A Country Of Contrast: Facts and Impressions of Vietnam
Author: Kathy Mason
I saw a sea of helmets from the bus window after arriving in Hanoi, all riding on motor scooters, darting in and out of traffic. My initial (and lasting) impression of traffic in Vietnam was “no rules or regulations” and everyone tries to “fill a space” if they can find it. The drivers seem to straddle the middle line, and whoever has the loudest horn has the right of way. Most of the nation lives on these scooters; we saw families of five or six, farm produce up to six and eight crates and baskets, but the best was a 400-pound live hog, upside down with legs kicking! Fact: Do Not Drive in Vietnam!
Fact: Vietnam is a country of contrasts, from mountains forming the spine of the country with steep valleys to green countryside and 2,157 miles of coastline. It is a country of water with the ocean, Mekong River, canals, lakes, floods, monsoons and rice paddies. Myth and history combine to tell the origins of the Vietnamese, dating back to 1000 BC. Their history is full of violence with wars, rebellions, and tribal uprisings. They were dominated by the Chinese for a thousand years then occupied by the French and finally the United States. Our guide proudly told us the Vietnam culture and old traditions still survive. He said that when a woman married, she moved in with her in-laws to work, cook and clean for them with the “family” being all-important. Impression: the land is lovely, very fertile with fruits, vegetables and certainly rice being grown. The people are friendly, hard-working and welcoming. It is hard to believe they endured war for so long.
We started our tour in Hanoi where we stayed at the Inter-Continental Westlake, a new hotel only three months old with all the amenities and a staff eager to please—if they could understand what you wanted. Impression: they are trying so hard to acquire capitalism and modernize, but still have a way to go.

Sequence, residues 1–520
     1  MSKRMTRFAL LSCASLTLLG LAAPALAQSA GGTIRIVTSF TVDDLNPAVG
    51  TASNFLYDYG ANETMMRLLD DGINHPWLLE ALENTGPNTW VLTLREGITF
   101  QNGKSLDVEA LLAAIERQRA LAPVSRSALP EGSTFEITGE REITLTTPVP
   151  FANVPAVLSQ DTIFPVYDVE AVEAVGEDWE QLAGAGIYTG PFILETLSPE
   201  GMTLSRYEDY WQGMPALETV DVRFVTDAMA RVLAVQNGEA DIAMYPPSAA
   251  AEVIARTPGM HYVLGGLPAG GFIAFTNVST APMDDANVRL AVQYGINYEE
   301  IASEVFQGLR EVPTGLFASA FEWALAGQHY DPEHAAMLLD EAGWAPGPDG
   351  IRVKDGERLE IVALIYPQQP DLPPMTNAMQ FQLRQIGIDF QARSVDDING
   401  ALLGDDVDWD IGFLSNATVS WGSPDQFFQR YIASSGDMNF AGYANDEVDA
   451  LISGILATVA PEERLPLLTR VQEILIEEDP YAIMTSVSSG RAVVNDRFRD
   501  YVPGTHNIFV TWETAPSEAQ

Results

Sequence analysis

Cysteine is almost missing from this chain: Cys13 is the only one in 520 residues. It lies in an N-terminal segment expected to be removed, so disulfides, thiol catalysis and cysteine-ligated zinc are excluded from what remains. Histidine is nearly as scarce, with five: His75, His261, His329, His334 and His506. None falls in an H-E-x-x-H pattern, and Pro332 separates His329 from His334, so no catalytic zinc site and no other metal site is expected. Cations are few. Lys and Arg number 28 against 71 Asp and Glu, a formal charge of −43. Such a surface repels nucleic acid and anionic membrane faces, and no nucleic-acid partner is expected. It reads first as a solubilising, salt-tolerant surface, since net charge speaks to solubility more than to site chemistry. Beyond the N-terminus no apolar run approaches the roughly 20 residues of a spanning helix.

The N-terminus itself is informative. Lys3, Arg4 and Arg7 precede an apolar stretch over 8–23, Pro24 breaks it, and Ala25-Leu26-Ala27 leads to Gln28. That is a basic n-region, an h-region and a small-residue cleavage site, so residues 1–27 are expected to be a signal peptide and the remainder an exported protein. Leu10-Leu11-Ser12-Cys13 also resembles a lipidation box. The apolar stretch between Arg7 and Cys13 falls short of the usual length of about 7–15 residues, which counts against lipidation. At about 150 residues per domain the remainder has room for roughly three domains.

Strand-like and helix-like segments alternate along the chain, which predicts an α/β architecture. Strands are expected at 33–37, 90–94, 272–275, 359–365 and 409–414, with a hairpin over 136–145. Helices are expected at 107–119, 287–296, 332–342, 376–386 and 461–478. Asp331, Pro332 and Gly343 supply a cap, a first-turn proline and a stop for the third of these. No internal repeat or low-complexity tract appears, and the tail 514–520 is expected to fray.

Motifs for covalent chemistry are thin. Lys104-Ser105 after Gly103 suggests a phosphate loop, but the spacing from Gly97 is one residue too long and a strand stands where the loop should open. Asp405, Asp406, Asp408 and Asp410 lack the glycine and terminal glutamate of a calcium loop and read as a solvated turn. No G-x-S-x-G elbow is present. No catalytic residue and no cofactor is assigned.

That evening we were treated to a water puppet show, a very old Vietnam art form that combines traditional music, fireworks and elaborate puppets floating gracefully over the water, depicting old myths as fire-breathing dragons. It was delightful.
The next day on the way to the Museum of the Vietnamese Revolution, we passed a lake where the guide pointed out the exact spot McCain had crashed and also showed us the Hanoi Hilton. At the war museum we were told of the Vietnam people’s “fight for independence.” The over 3,000 exhibits covered ancient war boats, founding of the Communist party and a scale model of the battles against U.S. troops. Outside was a monument of a crashed U.S. plane and other military weapons. Impression: a bit of Vietnamese government party line which made me very uneasy.
The Vietnamese are very proud of Ho Chi Minh’s Mausoleum which is a huge marble monolith (even though the leader asked to be cremated and buried very simply) where thousands stand in line to view his body. It was built in 1973 and is a square, columned, forbidding structure. The embalmed body lies in a low-lit coffin, guarded by soldiers—no cameras, purses or pictures allowed. Impression: a Communist ritual a little overdone.
I enjoyed more The Temple of Literature, the largest temple in Hanoi, established almost a thousand years ago and dedicated to learning. After passing many exams, a scholar earned the right to have his name engraved on a large stela, resting on the back of tortoises, representing strength and longevity. Superstition says rubbing the turtles’ heads will bring long life, so I rubbed as many as I could!